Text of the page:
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The method was applied to a 655-km2 area surrounding Roundtop Mountain, Quebec, Canada, during a carefully selected sample period from the summer of 1993. Field measurements of fog water volume were used to estimate the cloud-base height and the rate of change of the LWC with height. Topographic data were used both as a forcing function in the wind flow model and as a means of defining the three-dimensional geometry for deposition calculations. The goal is the development of a simple model that can be used over large geographic areas.

Microwind 35 Full Version 20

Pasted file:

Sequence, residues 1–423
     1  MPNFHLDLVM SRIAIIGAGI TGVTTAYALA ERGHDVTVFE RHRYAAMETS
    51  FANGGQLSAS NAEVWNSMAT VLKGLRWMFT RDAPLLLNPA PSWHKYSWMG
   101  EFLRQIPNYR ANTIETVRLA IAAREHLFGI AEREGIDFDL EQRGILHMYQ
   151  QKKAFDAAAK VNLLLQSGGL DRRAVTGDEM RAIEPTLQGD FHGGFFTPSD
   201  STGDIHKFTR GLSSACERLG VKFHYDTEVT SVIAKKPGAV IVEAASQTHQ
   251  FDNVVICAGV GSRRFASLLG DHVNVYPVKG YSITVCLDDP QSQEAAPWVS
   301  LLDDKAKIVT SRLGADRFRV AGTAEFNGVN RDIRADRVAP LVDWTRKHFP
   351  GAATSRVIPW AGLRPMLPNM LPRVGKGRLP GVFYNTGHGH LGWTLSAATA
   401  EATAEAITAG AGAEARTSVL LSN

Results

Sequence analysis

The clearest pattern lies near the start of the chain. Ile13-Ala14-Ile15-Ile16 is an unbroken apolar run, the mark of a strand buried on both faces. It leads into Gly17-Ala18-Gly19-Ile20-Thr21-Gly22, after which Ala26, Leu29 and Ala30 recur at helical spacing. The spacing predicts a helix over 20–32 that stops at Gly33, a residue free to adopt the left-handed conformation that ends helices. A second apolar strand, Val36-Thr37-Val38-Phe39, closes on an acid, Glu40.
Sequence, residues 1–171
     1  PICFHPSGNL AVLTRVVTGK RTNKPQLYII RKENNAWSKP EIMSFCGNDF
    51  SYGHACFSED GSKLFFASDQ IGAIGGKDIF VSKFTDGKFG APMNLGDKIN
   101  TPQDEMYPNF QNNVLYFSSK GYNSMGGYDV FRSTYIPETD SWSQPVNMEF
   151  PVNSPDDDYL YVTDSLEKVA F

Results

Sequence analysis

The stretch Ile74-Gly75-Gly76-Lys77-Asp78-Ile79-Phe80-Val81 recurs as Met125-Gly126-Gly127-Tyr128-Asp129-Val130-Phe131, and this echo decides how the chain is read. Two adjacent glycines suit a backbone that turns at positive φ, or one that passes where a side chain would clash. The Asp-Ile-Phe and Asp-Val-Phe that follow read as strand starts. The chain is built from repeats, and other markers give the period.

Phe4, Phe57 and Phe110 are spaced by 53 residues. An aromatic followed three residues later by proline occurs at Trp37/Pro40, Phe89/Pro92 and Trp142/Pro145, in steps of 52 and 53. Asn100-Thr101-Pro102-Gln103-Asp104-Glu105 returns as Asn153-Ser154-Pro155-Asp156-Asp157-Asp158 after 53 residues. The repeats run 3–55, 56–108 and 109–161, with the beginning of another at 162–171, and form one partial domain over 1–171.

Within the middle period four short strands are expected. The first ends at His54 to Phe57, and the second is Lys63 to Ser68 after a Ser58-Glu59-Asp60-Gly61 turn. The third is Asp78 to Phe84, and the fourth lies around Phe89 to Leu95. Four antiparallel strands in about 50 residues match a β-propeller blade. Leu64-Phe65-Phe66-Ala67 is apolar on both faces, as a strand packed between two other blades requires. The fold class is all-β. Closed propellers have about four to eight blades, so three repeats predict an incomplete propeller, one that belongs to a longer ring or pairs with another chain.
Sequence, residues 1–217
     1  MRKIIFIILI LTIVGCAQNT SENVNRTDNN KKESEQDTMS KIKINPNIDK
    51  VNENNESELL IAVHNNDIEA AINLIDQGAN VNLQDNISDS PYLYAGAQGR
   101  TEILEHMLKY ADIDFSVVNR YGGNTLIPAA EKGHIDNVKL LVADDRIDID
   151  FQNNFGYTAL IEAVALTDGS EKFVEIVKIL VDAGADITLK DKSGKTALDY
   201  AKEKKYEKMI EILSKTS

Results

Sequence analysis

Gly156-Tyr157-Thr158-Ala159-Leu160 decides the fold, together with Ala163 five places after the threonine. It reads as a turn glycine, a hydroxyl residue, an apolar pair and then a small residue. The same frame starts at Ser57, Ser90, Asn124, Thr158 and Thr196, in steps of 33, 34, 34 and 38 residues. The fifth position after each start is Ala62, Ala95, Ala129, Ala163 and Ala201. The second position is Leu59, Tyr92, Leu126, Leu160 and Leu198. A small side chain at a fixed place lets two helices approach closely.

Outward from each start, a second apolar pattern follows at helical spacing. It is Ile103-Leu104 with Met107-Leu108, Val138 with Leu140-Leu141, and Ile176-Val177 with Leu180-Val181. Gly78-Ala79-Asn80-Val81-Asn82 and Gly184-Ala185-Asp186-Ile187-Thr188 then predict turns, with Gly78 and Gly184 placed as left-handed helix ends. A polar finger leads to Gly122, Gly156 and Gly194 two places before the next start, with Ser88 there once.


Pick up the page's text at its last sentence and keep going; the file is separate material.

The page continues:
DECEMBER 1996 WALMSLEY ET AL.A Method for Estimating the Hydrologic Input from Fog in Mountainous TerrainJOHN L. WALMSLEY AND ROBERT S. SCHEMENAUERAtmospheric Environment Service, Downsview, Ontario, Canada HOWARD A. BRIDGMANDepartment of Geography, University of Newcastle, Newcastle, New South Wales, Australia(Manuscript received 3 October 1995, in final form 10 May 1996)ABSTRACT A methodology for obtaining estimates of the spatial distribution of fog water volume collected by a treecanopy in complex terrain is described. The method includes assumptions about the shape and spacing of thetrees, their fog water collection efficiency, the fog frequency, and the vertical rate of change of the liquid watercontent (LWC) within ground-based clouds. The method was applied to a 655-km2 area surrounding Roundtop Mountain, Quebec, Canada, during acarefully selected sample period from the summer of 1993. Field measurements of fog water volume wereused to estimate the cloud-base height and the rate of change of the LWC with height. Topographic data wereused both as a forcing function in the wind flow model and as a means of defining the three-dimensionalgeometry for deposition calculations. The goal is the development of a simple model that can be used overlarge geographic areas. Results of the application are presented over various domains ranging from 2 to 164 km2 in size. Spatialvariations in the wind velocity field just above the canopy were found to be related to the main terrain features(summits, ridges, and valleys). The fog water deposition rate was specified as a linear function both of terrainheight above cloud base and of wind speed. Near the summit of Roundtop Mountain, variations in terrain heightwere more pronounced than those of treetop wind speeds. Spatial patterns of fog water deposition, therefore,strongly reflected the pattern of topographic contours, with some modifications being apparent due to spatialvariations in wind speed. Calculated deposition values ranged up to 0.69 mm h- and were found to be typicalof measured values in the literature.1. Introduction Mountaintops are frequently enveloped in fog as aresult of the advection of clouds over and around thehigher elevations. The fog is used by plant species inforests as a source of moisture and nutrients, and toassist in their growth and development. This is welldocumented, particularly for tropical forests (e.g., Kerfoot 1968). The fog droplets, however, can also containhighly concentrated solutions of various pollutants.This problem has been reviewed by McLaughlin(1985), Schemenauer (1986), Lovett and Kinsman(1990), Vong et al. (1991), and others. In 1985 the Chemistry of High Elevation Fog(CHEF) experiment began on two mountains in southern Quebec, Canada (Schemenauer 1986), out of concern that much of the wet deposition at higher elevations may come from fog water. The CHEF project was Corresponding author address: Dr. John L. Walmsley, Atmospheric Environment Service, 4905 Dufferin Street, Downsview, ONM3H 5T4, Canada.E-mail: jwalmsley @row.on.doe.calinked with the Mountain Cloud Chemistry Project(MCCP) in the Appalachian Mountains. Both projectswere designed to measure concentrations of inorganicions in fog and precipitation, as well as their relationship to meteorological conditions, and to assess theirimpact on high-elevation forests. Results from theMCCP have been published or used by several authors(e.g., Mohnen and Kadlecek 1989; DeFelice and Saxena 1991; Lin and Saxena 1991; Mueller et al. 1991).CHEF wet chemistry data were given in Schemenaueret al. (1995). These and other studies of fog and cloudwater chemistry, with samples from high-elevationsites or from aircraft, have consistently shown higherconcentrations of the major ions in fog water than inprecipitation. The primary reason for this is that themajor entry point for particulate and gaseous pollutantsis through cloud base. As cloud droplets rise in updraftregions of the cloud, they grow by condensation, whichdilutes the concentrations of major ions such as sulfate.There is normally, therefore, a vertical gradient in theconcentration of pollutants in cloud water, with higherconcentrations near cloud base. It is typically samplesfrom near cloud base that are collected as fog at mountain sites. In contrast, the precipitation that is sampledc 1996 American Meteorological Society2238 JOURNAL OF APPLIED METEOROLOGY -OLUME35at these sites reflects the integrated cloud chemistrydownward from the top of the cloud, since the raindrops, for example, have usually formed through a process beginning with an ice crystal at higher altitudesand followed by growth by sublimation, condensation,and coalescence during the particle's fall through thecloud. Bridgman et al. (1994, hereafter BWS94) presenteda topographic description of Roundtop Mountain inQuebec and the surrounding region (Fig2 1 ). The MSMicro/3 model (hereafter MS-Micro) used to ,obtainthe wind velocity fields has been described in Walmsley et al. (1986). The ultimate purpose is to provide anestimate of the spatial distribution of acidic ion deposition over Roundtop Mountain. In the present paper,we describe the next step toward that goal--the estimation of spatial variations in fog water volume. Schemenauer (1986) found that the summit (970 m) ofRoundtop and the adjacent ridge (845 m), where elevations are above mean sea level (MSL), were in cloudabout 44% and 38% of the time, respectively, duringthe year. Significant opportunities are, therefore, available for the collection of fog water. We present a sample calculation and compare it with field measurementstaken during the summer of 1993.2. Measurement program Three sites on or near Roundtop were fully instrumented to measure meteorological parameters and collect precipitation and fog water. Full details were presented in Schemenauer (1986) and Schemenauer et al.(1995). Sites S and R (Fig. 2) and a valley site 10 kmto the west were equipped with Campbell Scientificmeteorological stations to measure wind speed, winddirection, precipitation, and other parameters. The datawere sampled at 5-s intervals and stored as 15-min avRS'00 -.,-,%_.., ,...oo+-' /coeOc '":5 '00 Fro. 1. The Roundtop Mountain complex from an azimuthal direction of 225-. The contour interval is 50 m, and the grid resolutionis 100 m. The locations of the CHEF ridge and summit sites areindicated. The x and y coordinates are displacements (m) in the UTMgrid from the position 690 000 m'east, 4 994 000 m north in UTMzone 18. The vertical scale is MSL height. The source is BWS94,with improved digitization of topographic contours. Roundtop Mountain-6400 -3200 0 3200 64000 3200 3200 E >,, -3200 -3200 -6400 -6400 -i400 -3200 0 3200 6400 x (m) FIG. 2. Same as Fig. 1 except a contour map of MSL heights witha contour interval of 100 m. The CHEF summit (S) and ridge (R)sites, Mont Gagnon (G), and Mont Brock (B) are indicated.erages. Table 1 gives newly corrected locations andelevations of the three sites. Uncertainties in elevationare indicated. Locations are believed to be accurate to+20 m (i.e., _+0.6" latitude or _+0.9" longitude). Fog water was collected by a Canadian-built passivecollector (AES/ASRC--Atmospheric EnvironmentService/Atmospheric Sciences Research Center), essentially identical to that used in the MCCP. The collector was also used successfully in collecting fog waterfor chemical analysis in Chile (Schemenauer and Cereceda 1992a), Australia (Post et al. 1991), and othercountries. The instrument stands about 1 m high andcontains approximately 370 vertical Teflon fibers, 50cm long and 0.53 mm thick, spaced 3 mm apart. TheAES/ASRC collector surface is a vertically mountedcylinder of 48.5-cm height and 25.3-cm diameter, giving surface and cross-sectional areas of 0.386 and 0.123m:, respectively. Droplets carried to the instrument inthe airflow impact on the fibers, and fog water runsdown into a polyethylene collection bottle. Collectionrates depend on wind speed. The AES/ASRC closelysimulates fog water collection by coniferous trees(DeFelice and Saxena 1990; Joslin et al. 1990), with acollection efficiency of 0.82 to 0.87 when wind speedsare between 5.6 and 10.3 m s - (Lin and Saxena 1991 ).(In the present study, cross-sectional areas of both thecollector and the treetops were used for calculations.) A second fog water collector, a vertically mountedplane of 1 m x 1 m dimensions, the surface of whichis composed of a polypropylene mesh, was orientedtoward the west. The measured collection efficiencynear the center of the plane was found to be 66% (Schemenauer and Cereceda 1994), based on earlier workDECEMBER 1996 WALMSLEY ET AL. 2239by Schemenauer and Joe (1989), but this decreasedtoward the edges. Its overall collection efficiency wasestimated to be 50%. No correction was made for variations in collection efficiency with wind direction, assuch corrections were believed to be small for the casepresented here (i.e., wind direction 264-). At sites R and S, the instruments were placed justabove treetop height, with full exposure on all sides.When the wind at R was from the south-southeast, therewas some terrain sheltering from the summit. In thevalley, the meteorological instruments were placed ona 3-m pole in a roughly triangular-shaped forest clearing, the sides of which were approximately 160 m. Theanemometer location was about 50 m from the northwest corner of the clearing; sheltering effects were expected for winds from the sector 2000-3600-70-. Thiswill be discussed further in section 5a.3. Estimating fog water volume The results of a number of different studies haveestablished that fog water is deposited on the canopytop from stratiform clouds by several major pathways:mixing by turbulent eddies interacting with the treetops, sedimentation of droplets, and advectional impaction on surfaces [see Saxena et al. (1989) for areview]. Of these, impaction is most important, especially on the canopy top in a windy environment (>2m s - ). Note that Mueller et al. ( 1991 ) used the termadvective cloud water flux to mean the component ofwind normal to the terrain. They found this contributionto be small; we assume it is zero. In this paper, on theother hand, the term advectional impaction means theadvection of wind through the vertical surfaces of thetreetop cones. In maintaining that advectional imPaction is important, we are, in fact, in basic agreementwith Mueller et al. (1991). Any apparent discrepancyis due to a different definition of advection. The amount of fog water deposition is highly sitedependent, based on five factors: canopy structure, horizontal wind speed, the collection efficiency of the treetops, the liquid water content (LWC) of the fog, andthe variation of fog frequency with altitude. In this section, the assumptions needed to perform the calculations are discussed. Details appear in appendix A. For the Roundtop Mountain calculations, the fivefactors were handled as follows. I0 1 2 3 4 Horizontol distonce FIG. 3. Vertical cross section of three model trees. Trees are cylindrical (diameter b) and topped by a cone (height h, angle qb). Heightof trees up to the base of the cones, shown here as 5 m, is arbitrary.See appendix A for details. 1 ) Figure 3 depicts the assumptions about the treetop geometry. Each tree was assumed to be a verticalcylinder topped by a cone (b 60-, h = 1.5 m, Tv= 1.30 m2, Tn = 3.00 m2). (Refer to appendix A formore details.) The term canopy means the top of thecylinders, whereas canopy top means the treetop cones.The horizontal spacing between the tree centers was1.73 m (in reasonable agreement with visual observations), and the horizontal tree density was 3333 ha-.In (AS) the ratio Tv/Tn is 0.433. 2) Spatial variations in wind speed and directioncaused by variations in terrain were calculated by MSMicro, as applied in BWS94. MS-Micro wind fieldswere assumed to apply at the treetop level--that is, 1.5m above the base of the treetop cones. The wind flowmodel assumes that the flow follows streamlines. It operates in a terrain-following coordinate system and produces two components of horizontal wind velocity. Inthe present study, it was assumed that close to the forestcanopy the streamlines and, hence, the flow were par T^BIE 1. Locations and elevations of CHEF summit and ridge sites on Roundtop Mountain and CHEF valley site near Sutton, Quebec (Schemenauer 1986, with modifications). Elevation Latitude Longitude UTM east UTM north Site (m MSL) (N) (W) (m) (m)Summit 970 - 2 45-04'52" 72-32'51" 693 025 4 994 625Ridge 845 _+ 5 45-05'17" 72-33'09" 692 625 4 995 400Valley 245 - 2 45004'32" 72040'33" 682 950 4 993 8252240 JOURNAL OF APPLallel to the canopy top. Similarly, Coe et al. (1991)assumed that trajectories of the fog water droplets followed the airflow streamlines. Mueller et al. (]L991)discussed the fact that streamlines are not always parallel to the surface. In the present case, however, at aheight of 1.5 m above the forest canopy, the flow wasunlikely to be very far from parallel. 3) The collection efficiency of the treetops was as sumed to be represented by the samples from the AES / ASRC fog water collector (]oslin et al. 1990). 4) The LWC of the fog could not be directly deter mined from collector sample amounts because of the variation in collector efficiency with wind speed and droplet size (Mueller and Imhoff 1989). The cloud LWC at different elevations was calculated from cloud base height observations and an assumption thai: LWC above cloud base was 38% of the value calculated for adiabatic ascent (Leaitch et al. 1986). When compared with the LWC of the fog, as given by Saxena et al. (1989), reasonable agreement was found. 5) In general, the variation of fog frequency with altitude was assumed to be a linear function of MSL height (Schemenauer 1986). For the particular 4-h case examined in the present study, however, the frequency was assumed to be 100% everywhere cloud base. A possible sixth factor affecting deposition is droplet size. Coe et al. (1991) investigated the influence of droplet size on deposition velocity and concluded that, to a good approximation, the liquid water deposition velocity could be set to the momentum deposition ve locity. That is, the effect of droplet size could be ne glected. Gallagher et al. (1992), on the other hand, found that for moderate wind speeds the turbulent de position velocities were strong functions of droplet size. Nevertheless, since detailed droplet size measure ments for Roundtop Mountain were lacking, these ef fects were not considered in the present study. The cal culations presented here examine fog water deposition over an area of 164 km2. Ultimately, calculations of deposition over much larger areas are needed. In such calculations, field measurements of droplet sizes will not be available and an assumption that fog water de position on large scales is independent of droplet size will be necessary. The fog water flux, defined as the product of LWC and wind speed (Joslin et al. 1990), describes the fog water deposition on the canopy top. The fog water flux increased with height above cloud base, due to in creases in both LWC and wind speed.4. Selection of the example period To verify the methodology, an observation periodwas needed during which fog was present bat no precipitation occurred. Periods in which the winds werereasonably steady in both speed and direction, were preferred, in order to satisfy the requirements of theIED METEOROLOGYVOLUME 35steady-state MS-Micro model. Data collected during a3-day period, 15-17 July 1993 [Julian days (JD) 196198], contained candidate periods, which were examined in more detail. Figure 4 displays time series plotsof wind speed and direction at the CHEF ridge andvalley sites, together with the fog water collection rateand output from a fog detector at the ridge site. Periodswith fog and without precipitation are identified in Table 2, together with wind speed and direction statisticsfor those periods. The second period (JD 197) was rejected because fog was only continuous for about 1 h during the 4-h period. The first-period (JD 196) had very light wind speeds and unacceptable variations in wind directions at the valley site. During the third period (0430-1130 EST JD 198), valley winds were slightly stronger but variations in wind direction were high, due to a brief wind shift (Fig. 4b). This period was subdivided to obtain the fourth period (0730-1130 EST JD 198), which satisfied all the selection criteria--fog, no pre cipitation, and steady winds.5. Preparation of input dataa. Upwind wind speed and direction The MS-Micro model is initialized with a wind velocity at 10 m above uniform vegetation in flat terrain.In the present case, the CHEF valley site wind measurements were used, despite the fact that they presented certain problems. The valley site anemometerwas located at a height of 3 m within a forest clearing.Although the clearing was grass covered, suggesting aroughness length of 0.05-0.1 m, the "very rough" category of Wieringa (1992) best described the situation.Accordingly, a local roughness length of 0.5 m wasassumed. The surrounding forest was well representedby Wieringa's "closed" category, with a roughnesslength of 1 m. In addition, there were believed to besignificant sheltering effects from a 10-m-high peakedroof house located approximately 30-40 m west of theanemometer and a 9-m-high forest about 50-60 maway in the southwest, west-southwest, and west sectors. The shelter-correction model of Taylor and Salmon (1993) was applied. The resulting correction facttors were clearly overestimates of what would be expected, even for the conditions at the CHEF valley site.The shelter-correction model is apparently not valid forobstacles in the very near field. For other wind directions (e.g., sectors east-northeast to south-southwest)with fetches of about 75-200 m, correction factors produced by the shelter-correction model ranged from 2.1to 1.2, respectively. A correction factor of 1.4 wouldseem to be a reasonable, though possibly conservative,estimate for winds in the period selected--that is, from264- (see Table 2). Accordingly, the following corrections were applied to the valley wind speed to provide appropriate inputDECEMBER 1996 WALMSLEY ET AL. 2241(o)01200 (c)1.51.0 0.0 1200 (e)? 4.0o 0.0 200 Ridge........ Volley JD 196 JO 197I I - :M :': :! i '*' ',':': ,',?;,,i "l v.j b.; ' 19'20 ' '26'40 ' 5560 4080 Time (rain)JD 196No precip. - /.. b'., ' 1920 '26'40-- Plonor collector........ AES/ASRC - JD 197 o_pecip.3360 ' 40'80Time (rain)JD 196No preclp. - :: it 19'20 26'40-- Plonor collector........ AES/ASRC JD 197 _. r?'3go '40'80Time (rain)JD 198(b)560 300 - 240 No precip. j [-- --l C , 120 I ,: ._c I 602:'":" U' '"! '48b0' ' ' 55200 i, 1 , , 1200 1920 2640JD 198NO preclp.400 5520(d)4000 5000 2000 10000 ,1200 26'40 JD 196 NO precip. I I t I I I I I I: .A 1920-- Ridge........ Volley JD 197No precip.'3360' '40'80Time rain) JD 198No precip.4800 5520 JD 197o_ precip.' 3360 4080Time (rain) JD 198 No precip. F -- -IiI I , , 48005520JD 198No precip.' 48'00' 550 ' FtG. 4. Time series plots spanning intervals when fog waspresent at the CHEF ridge site. Plots begin at 0000 EST 14July 1993. Solid vertical lines are drawn at midnight, andJu